It was in the Scottish/English Borderlands that the Strathclyde-Briton people first used the ancient name Orvin. It was a name for someone who lived in the parish of Irving
in the county of Dumfriesshire
or from Irvine
in Strathclyde. The names have become indistinguishable over time.
Early Origins of the Orvin family
The surname Orvin was first found in Dumfriesshire
(Gaelic: Siorrachd Dhùn Phris), a Southern area, bordering on England
that today forms part of the Dumfries and Galloway
Council Area. According to family lore, they descend from Duncan "the first of Eryvine," killed at the battle of Duncrub in 965. As far as records are concerned, the earliest listed was William de Irwin, an armor bearer to King Robert the Bruce. He received a grant of lands encompassing the Forest of Drum, on the banks of the River Irvine. And it was here that he had Drum Castle built which would become the family seat
of the Clan
for centuries. The river originally was named Lar Avon, or West River. Robert de Hirvine, ancestor of that previous William was mentioned in a Charter dated 1226 and he was at that time tenant
of the Douglas Clan
. From 1331-33 the family received further grants of land and by 1400 had become a very predominant family. The Chief of the Irvines lead his Clansmen in the Battle of Harlaw in 1511. Sir Alexander Irvine was slain there, and it was said of him: 'Gude Sir Alexander Irvine, The much renowned Laird of Drum.'
Early History of the Orvin family
This web page shows only a small excerpt of our Orvin research.Another 121 words (9 lines of text) covering the years 1057, 1376, 1323, 1976, 1411 and are included under the topic Early Orvin History in all our PDF Extended History products and printed products wherever possible.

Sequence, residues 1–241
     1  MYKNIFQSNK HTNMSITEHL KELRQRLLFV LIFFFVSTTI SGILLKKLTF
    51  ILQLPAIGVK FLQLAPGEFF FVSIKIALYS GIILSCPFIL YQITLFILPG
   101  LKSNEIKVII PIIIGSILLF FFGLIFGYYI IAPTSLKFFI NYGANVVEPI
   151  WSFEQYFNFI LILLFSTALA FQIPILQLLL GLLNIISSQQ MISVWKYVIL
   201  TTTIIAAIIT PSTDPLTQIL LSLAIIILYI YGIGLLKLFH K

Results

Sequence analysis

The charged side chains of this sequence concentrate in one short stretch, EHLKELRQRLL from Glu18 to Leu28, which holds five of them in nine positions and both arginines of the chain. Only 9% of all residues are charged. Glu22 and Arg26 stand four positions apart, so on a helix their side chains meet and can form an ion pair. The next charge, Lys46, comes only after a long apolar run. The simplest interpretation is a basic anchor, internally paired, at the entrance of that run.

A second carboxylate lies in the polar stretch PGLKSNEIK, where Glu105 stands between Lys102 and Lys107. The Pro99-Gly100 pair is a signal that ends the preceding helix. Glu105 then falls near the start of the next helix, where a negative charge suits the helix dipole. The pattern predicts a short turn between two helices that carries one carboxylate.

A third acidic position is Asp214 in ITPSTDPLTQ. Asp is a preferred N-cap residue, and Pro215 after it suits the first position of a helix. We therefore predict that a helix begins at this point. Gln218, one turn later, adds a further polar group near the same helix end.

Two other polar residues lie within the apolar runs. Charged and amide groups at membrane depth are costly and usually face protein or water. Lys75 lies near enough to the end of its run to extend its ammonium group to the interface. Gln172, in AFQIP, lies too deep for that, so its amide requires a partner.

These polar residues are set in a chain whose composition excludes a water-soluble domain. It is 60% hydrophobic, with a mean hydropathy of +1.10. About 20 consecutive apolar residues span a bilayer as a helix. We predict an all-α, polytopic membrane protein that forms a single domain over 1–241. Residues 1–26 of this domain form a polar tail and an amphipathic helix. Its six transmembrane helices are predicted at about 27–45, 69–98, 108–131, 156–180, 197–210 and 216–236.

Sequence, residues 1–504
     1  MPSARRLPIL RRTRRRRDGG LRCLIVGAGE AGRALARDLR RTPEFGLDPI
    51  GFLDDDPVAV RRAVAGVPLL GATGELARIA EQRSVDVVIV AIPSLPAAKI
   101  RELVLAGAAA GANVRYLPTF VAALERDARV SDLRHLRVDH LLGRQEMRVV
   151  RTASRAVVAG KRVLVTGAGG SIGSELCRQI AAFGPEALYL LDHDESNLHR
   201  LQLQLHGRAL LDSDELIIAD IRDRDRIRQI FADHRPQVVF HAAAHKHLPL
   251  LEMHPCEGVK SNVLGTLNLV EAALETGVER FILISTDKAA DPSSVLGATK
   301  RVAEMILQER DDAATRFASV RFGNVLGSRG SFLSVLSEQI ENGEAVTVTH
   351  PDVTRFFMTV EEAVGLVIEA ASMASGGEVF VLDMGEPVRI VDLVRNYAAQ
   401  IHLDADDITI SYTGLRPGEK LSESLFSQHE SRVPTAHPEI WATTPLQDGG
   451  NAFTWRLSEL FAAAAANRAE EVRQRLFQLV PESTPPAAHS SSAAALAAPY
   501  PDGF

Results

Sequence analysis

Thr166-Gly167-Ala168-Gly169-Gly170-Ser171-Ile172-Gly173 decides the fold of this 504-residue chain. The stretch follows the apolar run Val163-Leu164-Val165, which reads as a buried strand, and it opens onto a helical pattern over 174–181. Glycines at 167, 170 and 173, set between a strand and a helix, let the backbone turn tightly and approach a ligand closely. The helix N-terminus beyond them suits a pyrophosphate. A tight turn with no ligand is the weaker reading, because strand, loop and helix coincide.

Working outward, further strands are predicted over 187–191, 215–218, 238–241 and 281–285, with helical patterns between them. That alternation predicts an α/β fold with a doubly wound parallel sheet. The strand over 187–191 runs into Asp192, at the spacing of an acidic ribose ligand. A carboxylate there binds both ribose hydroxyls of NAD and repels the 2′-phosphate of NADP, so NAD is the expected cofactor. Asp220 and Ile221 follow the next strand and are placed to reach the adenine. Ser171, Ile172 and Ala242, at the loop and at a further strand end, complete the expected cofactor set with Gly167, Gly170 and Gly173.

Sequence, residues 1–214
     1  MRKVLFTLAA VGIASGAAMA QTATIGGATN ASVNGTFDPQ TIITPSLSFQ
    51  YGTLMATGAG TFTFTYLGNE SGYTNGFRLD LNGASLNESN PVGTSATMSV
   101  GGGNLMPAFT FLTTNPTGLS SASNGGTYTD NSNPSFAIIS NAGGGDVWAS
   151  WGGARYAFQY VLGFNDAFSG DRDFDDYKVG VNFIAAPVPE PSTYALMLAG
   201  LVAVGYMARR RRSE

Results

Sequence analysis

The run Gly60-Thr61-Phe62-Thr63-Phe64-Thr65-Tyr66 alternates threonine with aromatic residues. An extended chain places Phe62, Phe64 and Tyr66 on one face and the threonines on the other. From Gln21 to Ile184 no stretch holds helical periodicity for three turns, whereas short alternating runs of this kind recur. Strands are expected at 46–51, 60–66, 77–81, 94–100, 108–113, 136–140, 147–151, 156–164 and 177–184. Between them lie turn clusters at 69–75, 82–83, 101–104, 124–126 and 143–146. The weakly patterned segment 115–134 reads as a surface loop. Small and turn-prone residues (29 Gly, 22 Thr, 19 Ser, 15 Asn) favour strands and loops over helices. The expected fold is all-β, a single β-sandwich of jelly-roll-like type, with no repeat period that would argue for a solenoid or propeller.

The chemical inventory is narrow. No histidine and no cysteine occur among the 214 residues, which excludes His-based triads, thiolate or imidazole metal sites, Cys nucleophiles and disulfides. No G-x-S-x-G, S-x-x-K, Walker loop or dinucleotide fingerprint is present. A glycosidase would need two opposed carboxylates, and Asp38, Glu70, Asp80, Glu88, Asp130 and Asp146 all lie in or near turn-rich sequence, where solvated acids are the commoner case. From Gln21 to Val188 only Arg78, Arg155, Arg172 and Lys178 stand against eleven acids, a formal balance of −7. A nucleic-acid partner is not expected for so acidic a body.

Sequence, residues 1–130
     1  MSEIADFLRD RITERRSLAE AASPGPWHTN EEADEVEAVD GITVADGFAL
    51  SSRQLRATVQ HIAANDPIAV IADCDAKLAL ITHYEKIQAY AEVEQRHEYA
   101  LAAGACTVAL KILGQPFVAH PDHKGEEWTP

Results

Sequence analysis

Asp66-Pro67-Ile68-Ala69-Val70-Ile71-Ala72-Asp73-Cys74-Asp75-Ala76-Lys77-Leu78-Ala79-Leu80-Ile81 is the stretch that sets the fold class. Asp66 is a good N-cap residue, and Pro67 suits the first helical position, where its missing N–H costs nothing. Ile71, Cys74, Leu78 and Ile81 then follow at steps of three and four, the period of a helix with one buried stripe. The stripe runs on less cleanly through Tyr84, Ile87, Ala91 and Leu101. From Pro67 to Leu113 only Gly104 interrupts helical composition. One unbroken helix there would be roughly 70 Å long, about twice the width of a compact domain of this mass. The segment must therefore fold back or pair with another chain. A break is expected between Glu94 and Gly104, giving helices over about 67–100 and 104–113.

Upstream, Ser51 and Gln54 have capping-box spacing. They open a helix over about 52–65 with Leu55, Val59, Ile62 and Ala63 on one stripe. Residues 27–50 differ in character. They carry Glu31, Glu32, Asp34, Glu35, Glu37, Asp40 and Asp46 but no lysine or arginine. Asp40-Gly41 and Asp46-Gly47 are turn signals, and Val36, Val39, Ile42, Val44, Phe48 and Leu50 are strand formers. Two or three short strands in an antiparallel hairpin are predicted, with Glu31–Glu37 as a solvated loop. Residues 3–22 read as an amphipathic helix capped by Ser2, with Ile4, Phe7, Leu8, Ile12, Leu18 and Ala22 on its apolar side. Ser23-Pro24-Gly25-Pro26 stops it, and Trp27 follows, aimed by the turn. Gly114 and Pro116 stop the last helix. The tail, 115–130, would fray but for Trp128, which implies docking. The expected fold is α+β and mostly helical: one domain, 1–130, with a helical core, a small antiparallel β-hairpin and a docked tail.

Orvin Spelling Variations
Scribes in Medieval Scotland
spelled names by sound rather than any set of rules, so an enormous number of spelling variations
exist in names of that era. Orvin has been spelled Irwin, Erwin, Irvine, Irving, Urwin, Erwine, Ervin, Erwing, Ervynn, Ervine, Erwynn, Irwing, Irwryn and many more.
Early Notables of the Orvin family (pre 1700)
More information is included under the topic Early Orvin Notables in all our PDF Extended History products
and printed products wherever possible.
Migration of the Orvin family to Ireland
Some of the Orvin family moved to Ireland
, but this topic is not covered in this excerpt.Another 144 words (10 lines of text) about their life in Ireland is included in all our PDF Extended History products and printed products wherever possible.
Migration of the Orvin family to the New World and Oceana
The number of Strathclyde Clan
families sailing for North America increased steadily as the persecution continued. In the colonies, they could find not only freedom from the iron hand of the English government, but land to settle on. The American War of Independence
allowed many of these settlers to prove their independence, while some chose to go to Canada as United Empire Loyalists. Scots played essential roles in the forging of both great nations. Among them: Andrew Ervin, a boy of 16; landed in Barbados in 1684. Over the next two hundred
years the Irving name was to settle mainly in the state of Pennsylvania. William Irwin settled in Virginia in 1642.
Contemporary Notables of the name Orvin (post 1700)
- Cyril Orvin Houle Ph.D. (1913-1998), American Professor Emeritus of Education at the University of Chicago
- Orvin H. Ramlo, American fighter pilot and flying ace in the U.S. Marine Corps, during World War II, credited with 5 aerial victories
- Orvin Benonie Fjare (1918-2011), American Republican politician, Clothing merchant CITATION[CLOSE]
The Political Graveyard: Alphabetical Name Index. (Retrieved 2015, October 7) . Retrieved from http://politicalgraveyard.com/alpha/index.html
The Orvin Motto
The motto was originally a war cry or slogan. Mottoes first began to be shown with arms in the 14th and 15th centuries, but were not in general use until the 17th century. Thus the oldest coats of arms generally do not include a motto. Mottoes seldom form part of the grant of arms: Under most heraldic authorities, a motto is an optional component of the coat of arms, and can be added to or changed at will; many families have chosen not to display a motto.
Motto: Candide et constanter
Motto Translation: Fairly and firmly.
Orvin Family Crest Products
- ^ The Political Graveyard: Alphabetical Name Index. (Retrieved 2015, October 7) . Retrieved from http://politicalgraveyard.com/alpha/index.html